Evaluation of cytotoxicity features of antimicrobial peptides with potential to control bacterial diseases of citrus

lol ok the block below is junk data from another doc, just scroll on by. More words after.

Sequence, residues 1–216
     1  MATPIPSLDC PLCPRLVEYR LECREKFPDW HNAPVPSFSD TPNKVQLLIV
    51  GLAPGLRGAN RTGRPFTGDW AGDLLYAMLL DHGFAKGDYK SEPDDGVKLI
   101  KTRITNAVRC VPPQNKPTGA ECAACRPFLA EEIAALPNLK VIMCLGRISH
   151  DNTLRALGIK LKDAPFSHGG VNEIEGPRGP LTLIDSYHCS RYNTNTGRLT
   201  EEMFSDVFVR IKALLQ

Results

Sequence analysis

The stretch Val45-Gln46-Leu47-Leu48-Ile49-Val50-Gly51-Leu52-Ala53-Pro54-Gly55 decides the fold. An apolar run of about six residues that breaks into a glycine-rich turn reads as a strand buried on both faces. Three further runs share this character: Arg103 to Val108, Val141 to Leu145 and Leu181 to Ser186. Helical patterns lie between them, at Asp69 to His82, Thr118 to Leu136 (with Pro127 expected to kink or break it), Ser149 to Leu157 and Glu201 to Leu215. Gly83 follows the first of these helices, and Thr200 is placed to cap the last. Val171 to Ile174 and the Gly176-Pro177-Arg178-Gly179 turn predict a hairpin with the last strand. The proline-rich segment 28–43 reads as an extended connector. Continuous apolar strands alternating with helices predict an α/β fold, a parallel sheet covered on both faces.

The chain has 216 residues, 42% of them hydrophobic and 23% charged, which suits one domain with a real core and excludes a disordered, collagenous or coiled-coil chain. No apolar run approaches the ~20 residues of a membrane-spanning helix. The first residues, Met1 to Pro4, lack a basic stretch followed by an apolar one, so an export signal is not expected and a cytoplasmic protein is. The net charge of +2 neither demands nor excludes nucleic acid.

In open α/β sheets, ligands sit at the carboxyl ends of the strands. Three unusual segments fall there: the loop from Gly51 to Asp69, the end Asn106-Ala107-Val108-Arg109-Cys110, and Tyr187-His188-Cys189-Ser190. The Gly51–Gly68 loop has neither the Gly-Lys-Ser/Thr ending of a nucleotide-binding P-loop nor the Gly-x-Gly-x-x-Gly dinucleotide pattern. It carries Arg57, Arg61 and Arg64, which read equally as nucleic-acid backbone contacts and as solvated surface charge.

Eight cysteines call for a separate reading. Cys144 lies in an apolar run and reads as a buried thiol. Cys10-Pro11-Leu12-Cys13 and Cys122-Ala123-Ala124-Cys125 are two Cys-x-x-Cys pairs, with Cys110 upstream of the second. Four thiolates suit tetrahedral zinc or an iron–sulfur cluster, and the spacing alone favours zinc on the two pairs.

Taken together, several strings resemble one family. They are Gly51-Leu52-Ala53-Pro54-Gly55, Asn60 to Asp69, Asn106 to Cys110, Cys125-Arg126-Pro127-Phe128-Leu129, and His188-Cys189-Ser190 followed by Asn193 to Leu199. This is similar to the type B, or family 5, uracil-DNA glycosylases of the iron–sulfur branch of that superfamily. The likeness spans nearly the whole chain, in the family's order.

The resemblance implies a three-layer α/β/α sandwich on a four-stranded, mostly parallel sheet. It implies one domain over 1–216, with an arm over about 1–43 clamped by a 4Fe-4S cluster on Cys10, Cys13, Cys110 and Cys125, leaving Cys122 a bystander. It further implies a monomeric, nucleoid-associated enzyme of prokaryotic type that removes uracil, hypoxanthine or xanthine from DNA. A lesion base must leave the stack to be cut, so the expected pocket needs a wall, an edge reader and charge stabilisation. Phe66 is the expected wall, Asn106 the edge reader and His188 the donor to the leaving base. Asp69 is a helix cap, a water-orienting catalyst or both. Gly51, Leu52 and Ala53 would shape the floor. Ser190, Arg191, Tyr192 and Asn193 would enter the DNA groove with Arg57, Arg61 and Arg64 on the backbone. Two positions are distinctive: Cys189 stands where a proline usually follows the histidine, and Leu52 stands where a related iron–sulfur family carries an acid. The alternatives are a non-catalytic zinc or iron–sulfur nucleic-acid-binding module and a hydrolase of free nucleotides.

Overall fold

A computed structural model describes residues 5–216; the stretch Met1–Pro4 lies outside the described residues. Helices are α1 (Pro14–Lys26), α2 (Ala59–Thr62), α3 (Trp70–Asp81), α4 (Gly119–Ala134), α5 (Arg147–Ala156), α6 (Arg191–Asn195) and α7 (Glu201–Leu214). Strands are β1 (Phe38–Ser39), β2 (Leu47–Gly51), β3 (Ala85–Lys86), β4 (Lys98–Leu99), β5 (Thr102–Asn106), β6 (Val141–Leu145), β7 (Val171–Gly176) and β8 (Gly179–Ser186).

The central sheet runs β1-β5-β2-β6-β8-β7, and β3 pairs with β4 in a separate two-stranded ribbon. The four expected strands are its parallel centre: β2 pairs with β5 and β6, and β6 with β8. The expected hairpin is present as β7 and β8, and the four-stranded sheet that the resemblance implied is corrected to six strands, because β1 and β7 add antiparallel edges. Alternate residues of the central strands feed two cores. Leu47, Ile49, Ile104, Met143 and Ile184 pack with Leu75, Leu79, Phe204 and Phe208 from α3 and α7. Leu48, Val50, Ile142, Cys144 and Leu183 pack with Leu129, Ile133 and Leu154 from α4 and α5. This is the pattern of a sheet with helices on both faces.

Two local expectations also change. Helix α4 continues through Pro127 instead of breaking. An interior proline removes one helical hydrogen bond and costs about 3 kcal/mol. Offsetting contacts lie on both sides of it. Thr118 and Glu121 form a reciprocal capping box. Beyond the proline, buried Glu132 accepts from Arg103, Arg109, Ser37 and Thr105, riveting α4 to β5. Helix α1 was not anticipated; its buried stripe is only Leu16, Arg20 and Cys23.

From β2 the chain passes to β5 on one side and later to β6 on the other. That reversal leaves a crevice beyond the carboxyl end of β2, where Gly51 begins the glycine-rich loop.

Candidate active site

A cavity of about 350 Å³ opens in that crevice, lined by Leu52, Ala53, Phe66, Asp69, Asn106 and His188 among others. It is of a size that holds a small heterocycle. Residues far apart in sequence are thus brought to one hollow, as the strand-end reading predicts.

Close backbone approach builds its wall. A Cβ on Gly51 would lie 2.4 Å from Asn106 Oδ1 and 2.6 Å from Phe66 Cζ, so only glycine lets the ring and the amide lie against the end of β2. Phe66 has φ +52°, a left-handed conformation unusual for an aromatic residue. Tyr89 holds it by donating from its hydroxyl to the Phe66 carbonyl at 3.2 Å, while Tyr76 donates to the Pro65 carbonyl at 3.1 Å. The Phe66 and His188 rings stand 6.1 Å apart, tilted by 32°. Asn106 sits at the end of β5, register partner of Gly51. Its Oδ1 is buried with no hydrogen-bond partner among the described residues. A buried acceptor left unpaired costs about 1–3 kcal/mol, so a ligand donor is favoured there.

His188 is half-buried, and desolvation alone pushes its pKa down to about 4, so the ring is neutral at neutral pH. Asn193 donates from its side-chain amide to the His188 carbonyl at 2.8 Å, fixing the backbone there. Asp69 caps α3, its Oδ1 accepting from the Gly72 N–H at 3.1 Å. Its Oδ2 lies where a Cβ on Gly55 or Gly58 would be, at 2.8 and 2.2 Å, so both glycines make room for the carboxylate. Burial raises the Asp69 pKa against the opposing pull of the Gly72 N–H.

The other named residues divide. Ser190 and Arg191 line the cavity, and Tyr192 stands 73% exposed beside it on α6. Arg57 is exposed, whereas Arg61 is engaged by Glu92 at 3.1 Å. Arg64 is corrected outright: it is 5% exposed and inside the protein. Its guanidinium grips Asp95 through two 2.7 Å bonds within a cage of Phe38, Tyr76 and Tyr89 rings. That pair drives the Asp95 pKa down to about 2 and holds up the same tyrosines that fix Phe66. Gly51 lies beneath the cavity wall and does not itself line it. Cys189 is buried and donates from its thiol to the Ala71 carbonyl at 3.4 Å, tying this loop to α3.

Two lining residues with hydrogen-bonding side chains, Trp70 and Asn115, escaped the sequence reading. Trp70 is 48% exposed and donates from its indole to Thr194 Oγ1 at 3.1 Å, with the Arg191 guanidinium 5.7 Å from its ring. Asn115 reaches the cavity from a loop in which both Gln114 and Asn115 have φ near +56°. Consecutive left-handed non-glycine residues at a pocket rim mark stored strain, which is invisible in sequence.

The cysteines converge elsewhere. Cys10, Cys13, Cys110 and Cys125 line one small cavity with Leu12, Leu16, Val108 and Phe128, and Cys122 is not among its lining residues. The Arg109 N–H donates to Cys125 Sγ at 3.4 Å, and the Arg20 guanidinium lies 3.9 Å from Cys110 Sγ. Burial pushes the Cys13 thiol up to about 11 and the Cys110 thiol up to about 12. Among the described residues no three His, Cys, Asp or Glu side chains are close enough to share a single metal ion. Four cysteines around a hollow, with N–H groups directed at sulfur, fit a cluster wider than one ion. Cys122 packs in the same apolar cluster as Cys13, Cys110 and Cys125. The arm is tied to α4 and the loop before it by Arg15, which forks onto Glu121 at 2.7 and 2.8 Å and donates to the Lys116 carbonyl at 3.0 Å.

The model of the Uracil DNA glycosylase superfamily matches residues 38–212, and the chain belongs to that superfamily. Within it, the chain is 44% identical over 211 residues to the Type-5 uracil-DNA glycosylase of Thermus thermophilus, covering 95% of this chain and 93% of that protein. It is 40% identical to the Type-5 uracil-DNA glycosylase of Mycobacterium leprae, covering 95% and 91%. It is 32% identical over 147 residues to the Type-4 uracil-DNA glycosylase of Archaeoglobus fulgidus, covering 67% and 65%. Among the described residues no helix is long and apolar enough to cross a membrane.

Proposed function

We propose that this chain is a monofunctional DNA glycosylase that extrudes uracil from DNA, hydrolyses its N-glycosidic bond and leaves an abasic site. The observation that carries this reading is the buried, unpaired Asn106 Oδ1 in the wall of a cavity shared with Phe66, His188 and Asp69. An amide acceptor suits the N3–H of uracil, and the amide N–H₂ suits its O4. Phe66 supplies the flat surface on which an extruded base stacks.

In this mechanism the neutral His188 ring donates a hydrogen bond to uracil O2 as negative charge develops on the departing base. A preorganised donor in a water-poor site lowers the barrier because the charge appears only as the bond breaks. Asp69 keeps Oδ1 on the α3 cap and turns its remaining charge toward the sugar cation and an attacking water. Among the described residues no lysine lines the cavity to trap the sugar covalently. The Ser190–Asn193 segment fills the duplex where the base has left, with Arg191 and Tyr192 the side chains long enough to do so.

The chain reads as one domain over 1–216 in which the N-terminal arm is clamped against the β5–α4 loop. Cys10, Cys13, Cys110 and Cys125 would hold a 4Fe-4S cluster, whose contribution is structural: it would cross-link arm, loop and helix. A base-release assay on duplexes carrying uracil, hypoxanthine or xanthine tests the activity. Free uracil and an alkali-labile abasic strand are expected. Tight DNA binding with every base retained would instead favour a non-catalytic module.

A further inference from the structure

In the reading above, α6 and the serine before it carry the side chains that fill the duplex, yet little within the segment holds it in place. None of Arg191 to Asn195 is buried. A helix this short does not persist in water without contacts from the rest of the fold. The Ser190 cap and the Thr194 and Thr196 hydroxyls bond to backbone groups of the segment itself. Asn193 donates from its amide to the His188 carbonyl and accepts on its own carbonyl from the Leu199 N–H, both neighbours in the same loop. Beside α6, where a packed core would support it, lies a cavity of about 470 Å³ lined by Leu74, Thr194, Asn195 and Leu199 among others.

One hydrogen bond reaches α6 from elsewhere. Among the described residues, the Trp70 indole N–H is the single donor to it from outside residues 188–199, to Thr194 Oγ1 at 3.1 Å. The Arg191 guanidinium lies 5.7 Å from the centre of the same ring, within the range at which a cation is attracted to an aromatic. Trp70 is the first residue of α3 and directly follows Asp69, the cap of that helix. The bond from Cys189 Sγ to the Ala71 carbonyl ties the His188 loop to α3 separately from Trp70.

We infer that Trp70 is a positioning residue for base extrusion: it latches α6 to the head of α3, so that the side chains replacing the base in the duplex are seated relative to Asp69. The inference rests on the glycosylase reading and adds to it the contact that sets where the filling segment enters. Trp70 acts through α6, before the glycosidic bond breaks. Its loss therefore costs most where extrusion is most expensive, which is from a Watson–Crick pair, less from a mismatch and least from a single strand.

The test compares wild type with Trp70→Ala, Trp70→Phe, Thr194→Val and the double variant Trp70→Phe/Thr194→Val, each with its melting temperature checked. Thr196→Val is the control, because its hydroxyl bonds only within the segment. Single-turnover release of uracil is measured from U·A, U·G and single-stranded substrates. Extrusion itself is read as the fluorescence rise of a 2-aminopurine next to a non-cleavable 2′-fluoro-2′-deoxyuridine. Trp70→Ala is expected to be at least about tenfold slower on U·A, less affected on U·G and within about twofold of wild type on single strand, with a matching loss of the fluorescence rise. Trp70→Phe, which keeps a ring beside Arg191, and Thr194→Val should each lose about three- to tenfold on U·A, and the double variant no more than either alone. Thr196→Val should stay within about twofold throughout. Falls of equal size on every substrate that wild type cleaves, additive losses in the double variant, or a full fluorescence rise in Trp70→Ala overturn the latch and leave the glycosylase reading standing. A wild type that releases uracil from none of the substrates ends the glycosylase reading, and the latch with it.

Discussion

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Antimicrobial peptides (AMPs) can be found in various organisms, and could be considered an alternative for pesticides used to control plant pathogens, including those affecting citrus. Brazil is the largest producer and exporter of frozen concentrated orange juice in the world. However, the citrus industry has been affected by several diseases such as citrus canker and huanglongbing (HLB), caused by the bacteria Xanthomonas citri subsp. citri (X. citri) and Candidatus Liberibacter asiaticus (CaLas), respectively. In order to control these pathogens, putative AMPs were prospected in databases containing citrus sequences. Furthermore, AMPs already reported in the literature were also used for in vitro and in vivo assays against X. citri. Since CaLas cannot be cultivated in vitro, surrogates as Sinorhizobium meliloti and Agrobacterium tumefaciens were used. This study reports the evaluation of six AMPs obtained from different sources, two of them from Citrus spp. (citrus-amp1 and citrus-amp2), three from amphibians (Hylin-a1, K-0-W-6-Hy-a1 and Ocellatin 4-analogue) and one from porcine (Tritrpticin). Peptides K-0-W-6-Hy-a1, Ocellatin 4-analogue, and citrus-amp1 showed bactericidal activity against X. citri and S. meliloti and bacteriostatic effect on A. tumefaciens. These results were confirmed for X. citri in planta. In addition cytotoxicity evaluations of these molecules were performed. The AMPs that showed the lowest hemolytic activities were Triptrpticin, citrus-amp1 and citrus-amp2. Citrus-amp1 and citrus-amp2 not presented toxicity in experiments using in vivo model, G. mellonella and U87 MG cells. To verify the interaction of these AMPs with bacteria and erythrocyte cell membranes, vesicles mimicking these cells were built. Citrus-amp1 and Tritrpticin exhibited higher affinity to bacterial membranes, while Ocellatin 4-analogue and Hylin-a1 showed higher affinity to erythrocyte membranes; exclude their use in citrus. This work demonstrates an essential alternative, trough AMPs obtained from Citrus spp., which can be feasibly used to control bacterial pathogens.